So you have completed your law school education and now you are ready to take your final steps towards becoming a New Mexico lawyer. It is now time to face the daunting task of taking the New Mexico Bar Exam. The New Mexico Bar Exam
has a pass rate between 80% to 90%, so you have a good chance of passing if you prepare properly for it. There are many things that you will need to know before you sit for the New Mexico Bar Exam including: application procedures, testing format, and what will be covered on the exam. This article will provide you with this information and hopefully arm you with the knowledge needed to prepare for the great challenge of sitting for the New Mexico Bar Exam.
Board of Examiners
9420 Indian School Road, N.E.
Albuquerque, New Mexico 87112
In order to qualify to sit for the New Mexico Bar Exam you will (1) need to have graduated from an ABA approved law school with a Juris Doctorate, (2) three character and fitness statements from an attorney in god standing from any jurisdiction, (3) pass a background check, and (4) pass the MPRE with a minimum score of 75.
New Mexico doesn’t have a reciprocity agreement with any other state at the moment, so if you want to practice law in New Mexico you will need to sit for their Bar exam.
For more information about taking the MPRE you can write to the address below for a testing application packet.
National Conference of Bar Examiners
P.O. Box 4001
Iowa City, Iowa 52243
To download or request a complete application packet with testing information, requirements, and general information you will need to visit the New Mexico State Bar website at the address listed above. After you receive your packet you will need to fill out all of the forms and submit them by the stated deadlines, and you will need to enclose the appropriate application, examination, and late fees. These fees change annually, however, to give you an idea of the costs to expect the 2006 fees were $20.00 fee for application package, $31.00 fee for background check, $450 filing fee for law students who have been out of law school less than one year, and $800 filing fee for law students who have been out of law school more than one year.
If you need help paying for your New Mexico Bar Exam fees, visit http://lawschool.unm.edu/careers/bar/loans.php for loan information.
The New Mexico Bar Exam lasts three days, and it is given twice a year. Once in late February, and once in late January.
On the first day of the New Mexico Bar Exam you will be given ten essay exams.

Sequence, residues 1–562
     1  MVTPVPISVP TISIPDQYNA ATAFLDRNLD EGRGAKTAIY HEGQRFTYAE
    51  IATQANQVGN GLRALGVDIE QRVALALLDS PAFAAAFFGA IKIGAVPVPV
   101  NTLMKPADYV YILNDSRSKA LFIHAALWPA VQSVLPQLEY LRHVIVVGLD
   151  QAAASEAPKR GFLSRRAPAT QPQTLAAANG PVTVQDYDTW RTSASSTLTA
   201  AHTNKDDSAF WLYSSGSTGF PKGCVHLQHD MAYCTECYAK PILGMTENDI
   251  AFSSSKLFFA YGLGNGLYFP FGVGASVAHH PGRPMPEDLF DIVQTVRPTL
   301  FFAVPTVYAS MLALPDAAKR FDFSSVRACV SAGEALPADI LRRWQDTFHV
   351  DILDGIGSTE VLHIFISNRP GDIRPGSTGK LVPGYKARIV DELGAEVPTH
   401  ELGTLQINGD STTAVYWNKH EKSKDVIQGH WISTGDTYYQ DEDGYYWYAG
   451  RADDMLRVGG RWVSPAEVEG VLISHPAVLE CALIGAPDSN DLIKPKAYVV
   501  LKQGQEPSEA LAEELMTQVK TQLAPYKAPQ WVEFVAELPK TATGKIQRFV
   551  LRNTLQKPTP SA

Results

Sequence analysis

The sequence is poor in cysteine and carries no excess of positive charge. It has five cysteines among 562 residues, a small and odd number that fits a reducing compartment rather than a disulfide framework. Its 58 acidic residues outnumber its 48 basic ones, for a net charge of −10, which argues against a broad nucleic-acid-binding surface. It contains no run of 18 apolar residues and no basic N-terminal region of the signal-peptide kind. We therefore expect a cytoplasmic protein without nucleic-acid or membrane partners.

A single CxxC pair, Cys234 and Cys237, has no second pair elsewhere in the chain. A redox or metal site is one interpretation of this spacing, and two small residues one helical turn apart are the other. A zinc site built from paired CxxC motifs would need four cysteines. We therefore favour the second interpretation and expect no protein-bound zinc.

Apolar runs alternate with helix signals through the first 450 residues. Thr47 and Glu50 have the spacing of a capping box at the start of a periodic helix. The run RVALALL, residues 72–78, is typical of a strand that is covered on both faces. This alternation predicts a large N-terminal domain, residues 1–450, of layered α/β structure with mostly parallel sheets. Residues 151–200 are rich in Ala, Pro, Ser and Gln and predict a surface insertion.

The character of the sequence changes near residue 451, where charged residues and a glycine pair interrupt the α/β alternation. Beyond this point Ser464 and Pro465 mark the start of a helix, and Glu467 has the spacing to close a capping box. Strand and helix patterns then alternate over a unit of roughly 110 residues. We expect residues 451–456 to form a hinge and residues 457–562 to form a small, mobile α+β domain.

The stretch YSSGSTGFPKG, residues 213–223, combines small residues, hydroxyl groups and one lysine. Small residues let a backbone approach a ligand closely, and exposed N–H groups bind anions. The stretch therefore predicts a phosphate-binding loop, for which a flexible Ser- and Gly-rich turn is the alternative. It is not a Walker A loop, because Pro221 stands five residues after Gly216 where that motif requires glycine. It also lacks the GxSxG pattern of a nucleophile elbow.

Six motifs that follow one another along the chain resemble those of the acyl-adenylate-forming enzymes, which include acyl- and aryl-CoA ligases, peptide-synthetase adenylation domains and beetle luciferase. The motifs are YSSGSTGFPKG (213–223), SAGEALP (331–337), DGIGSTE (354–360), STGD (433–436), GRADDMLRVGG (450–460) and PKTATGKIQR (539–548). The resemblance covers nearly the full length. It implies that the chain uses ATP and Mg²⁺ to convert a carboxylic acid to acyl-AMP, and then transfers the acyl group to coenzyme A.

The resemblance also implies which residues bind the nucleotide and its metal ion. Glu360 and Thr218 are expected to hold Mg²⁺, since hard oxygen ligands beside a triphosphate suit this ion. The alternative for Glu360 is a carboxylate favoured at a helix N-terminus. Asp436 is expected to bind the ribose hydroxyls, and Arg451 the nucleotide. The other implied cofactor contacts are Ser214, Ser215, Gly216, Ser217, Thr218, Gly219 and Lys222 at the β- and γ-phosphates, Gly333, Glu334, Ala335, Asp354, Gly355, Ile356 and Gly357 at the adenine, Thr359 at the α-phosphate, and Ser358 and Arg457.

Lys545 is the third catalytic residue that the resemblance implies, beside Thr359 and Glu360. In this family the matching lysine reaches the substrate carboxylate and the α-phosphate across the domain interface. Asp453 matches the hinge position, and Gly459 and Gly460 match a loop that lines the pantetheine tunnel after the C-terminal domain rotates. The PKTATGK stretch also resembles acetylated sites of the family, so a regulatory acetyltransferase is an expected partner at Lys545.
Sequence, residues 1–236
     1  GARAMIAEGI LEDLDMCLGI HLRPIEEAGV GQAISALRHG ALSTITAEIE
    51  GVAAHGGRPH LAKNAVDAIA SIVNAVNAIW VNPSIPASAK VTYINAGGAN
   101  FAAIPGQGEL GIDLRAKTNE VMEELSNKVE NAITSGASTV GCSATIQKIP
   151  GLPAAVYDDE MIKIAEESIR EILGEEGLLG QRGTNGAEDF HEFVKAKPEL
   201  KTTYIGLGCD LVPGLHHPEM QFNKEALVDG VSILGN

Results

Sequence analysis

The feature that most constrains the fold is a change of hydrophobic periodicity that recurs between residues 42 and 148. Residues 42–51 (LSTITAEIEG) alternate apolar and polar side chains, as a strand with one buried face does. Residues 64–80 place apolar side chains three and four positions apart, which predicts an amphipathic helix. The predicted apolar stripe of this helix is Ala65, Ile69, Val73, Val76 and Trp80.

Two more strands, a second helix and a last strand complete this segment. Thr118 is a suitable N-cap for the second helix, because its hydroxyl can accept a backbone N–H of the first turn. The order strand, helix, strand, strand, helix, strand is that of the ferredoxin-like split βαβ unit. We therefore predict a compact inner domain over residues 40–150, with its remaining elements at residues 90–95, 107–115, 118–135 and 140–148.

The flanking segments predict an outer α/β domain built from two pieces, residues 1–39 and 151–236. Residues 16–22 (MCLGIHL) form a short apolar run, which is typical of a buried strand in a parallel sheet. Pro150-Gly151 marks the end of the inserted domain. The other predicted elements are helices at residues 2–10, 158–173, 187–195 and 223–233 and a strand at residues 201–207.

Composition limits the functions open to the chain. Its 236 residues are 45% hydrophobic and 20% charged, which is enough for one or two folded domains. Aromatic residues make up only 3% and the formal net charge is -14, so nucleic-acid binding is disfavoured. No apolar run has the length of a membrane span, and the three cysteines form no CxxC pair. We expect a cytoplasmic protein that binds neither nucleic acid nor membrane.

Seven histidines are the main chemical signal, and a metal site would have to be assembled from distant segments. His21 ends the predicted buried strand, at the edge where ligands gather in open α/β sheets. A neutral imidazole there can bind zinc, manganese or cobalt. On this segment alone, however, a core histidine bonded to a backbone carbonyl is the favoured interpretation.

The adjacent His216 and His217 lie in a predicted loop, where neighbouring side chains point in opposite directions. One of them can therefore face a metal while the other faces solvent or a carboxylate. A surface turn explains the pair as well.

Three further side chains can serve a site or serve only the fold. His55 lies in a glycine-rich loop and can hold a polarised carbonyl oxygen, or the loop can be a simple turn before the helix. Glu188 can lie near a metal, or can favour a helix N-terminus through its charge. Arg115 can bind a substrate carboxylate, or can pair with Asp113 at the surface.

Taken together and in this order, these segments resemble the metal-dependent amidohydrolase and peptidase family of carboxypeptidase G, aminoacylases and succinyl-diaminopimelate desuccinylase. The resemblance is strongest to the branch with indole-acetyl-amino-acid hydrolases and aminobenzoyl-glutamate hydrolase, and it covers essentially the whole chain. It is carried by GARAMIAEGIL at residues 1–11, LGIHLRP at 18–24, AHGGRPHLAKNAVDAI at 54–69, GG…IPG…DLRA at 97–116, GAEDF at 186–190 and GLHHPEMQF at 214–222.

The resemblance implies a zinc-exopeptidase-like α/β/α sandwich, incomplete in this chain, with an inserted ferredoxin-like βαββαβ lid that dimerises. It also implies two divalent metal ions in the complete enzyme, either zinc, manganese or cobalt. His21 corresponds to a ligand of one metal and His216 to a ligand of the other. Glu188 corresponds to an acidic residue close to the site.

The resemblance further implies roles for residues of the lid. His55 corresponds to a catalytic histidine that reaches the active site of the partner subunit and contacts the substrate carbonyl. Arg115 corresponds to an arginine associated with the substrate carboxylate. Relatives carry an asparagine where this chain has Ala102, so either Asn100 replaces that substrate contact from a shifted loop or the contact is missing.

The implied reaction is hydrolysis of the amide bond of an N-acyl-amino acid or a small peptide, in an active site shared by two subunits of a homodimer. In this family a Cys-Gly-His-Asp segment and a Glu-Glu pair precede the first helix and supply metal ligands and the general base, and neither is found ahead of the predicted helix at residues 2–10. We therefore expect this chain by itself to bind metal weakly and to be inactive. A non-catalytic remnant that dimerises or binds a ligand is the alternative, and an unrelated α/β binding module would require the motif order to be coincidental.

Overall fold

On day two you will have two Multistate Performance Test questions.
On the third and final day you will take the Multistate Bar Exam which consists of 200 multiple choice questions.
The MBE score will count for 50% of your total Bar Exam score, and the essay answers and MPTs will make up the remaining 50%. To pass you will need to attain a combined score of 140.
Studying for the New Mexico Bar will be quite an undertaking. You will need to devote several months to studying procedures, laws, and information that you learned during your three years of law school. To help direct your studying it is highly recommended that you enroll in a Bar Exam Review course. Law schools and self-study institutes provide these courses. For a list of quality Bar Exam Review course please check out the New Mexico Bar Association’s website at: www.nmexam.org.
In addition to enrolling in a Bar Exam Review course, you should also learn what will be on the examination and where you can go for study guides.
For the essay and MPT portions of the New Mexico Bar Exam you should review the past Bar Exam that are available online, and make sure you are familiar with the following topics.
1. Administrative Law
2. Civil Procedures
4. Criminal Law and Procedures
5. Evidence (New Mexico and Federal)
6. Family Law
8. Wills, Estate Planning, Trusts, and Related Tax Issues
9. Business Entities
12. Real Property
13. Universal Commercial Code
What to Know About the Multistate Performance Test Questions
The Multistate Performance Test questions will be designed to test your ability to do “lawyer work.” They will test your proficiency in the following areas:
1. Problem Solving
2. Factual Analysis
3. Legal Analysis
5. Written Communication
6. Organization Skills
7. Project Management of Legal Tasks
8. Ability to recognize and respond to ethical dilemmas
What to Know About the Multistate Bar Exam
The Multistate Bar Exam is designed to test your general legal knowledge, and will cover the following topics:
2. Criminal Law
4. Real Property
6. Constitutional Law
To help you study, the following websites provide official rules of legal procedures for the state of New Mexico and for federal procedures.
For past New Mexico Bar Exam questions, application forms and general information go to:
For New Mexico Rules of Civil Procedures go to:
For Federal Rules of Civil Procedures go to:
For New Mexico Rules of Professional Conduct go to:
For ABA Rules of Professional Conduct go to:
For New Mexico Rules of Evidence go to:
For Federal Rules of Evidence go to:
July 2005 New Mexico Bar Exam
February 2005 New Mexico Bar Exam
July 2004 New Mexico Bar Exam
February 2004 New Mexico Bar Exam